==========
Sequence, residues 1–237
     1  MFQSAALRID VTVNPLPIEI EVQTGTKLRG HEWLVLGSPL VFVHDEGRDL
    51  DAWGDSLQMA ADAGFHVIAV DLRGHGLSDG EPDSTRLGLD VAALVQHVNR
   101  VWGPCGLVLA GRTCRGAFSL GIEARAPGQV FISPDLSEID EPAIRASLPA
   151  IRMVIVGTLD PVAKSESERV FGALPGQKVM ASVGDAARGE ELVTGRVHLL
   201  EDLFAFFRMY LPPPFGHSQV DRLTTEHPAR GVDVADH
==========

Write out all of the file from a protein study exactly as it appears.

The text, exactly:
Sequence, residues 1–237
     1  MFQSAALRID VTVNPLPIEI EVQTGTKLRG HEWLVLGSPL VFVHDEGRDL
    51  DAWGDSLQMA ADAGFHVIAV DLRGHGLSDG EPDSTRLGLD VAALVQHVNR
   101  VWGPCGLVLA GRTCRGAFSL GIEARAPGQV FISPDLSEID EPAIRASLPA
   151  IRMVIVGTLD PVAKSESERV FGALPGQKVM ASVGDAARGE ELVTGRVHLL
   201  EDLFAFFRMY LPPPFGHSQV DRLTTEHPAR GVDVADH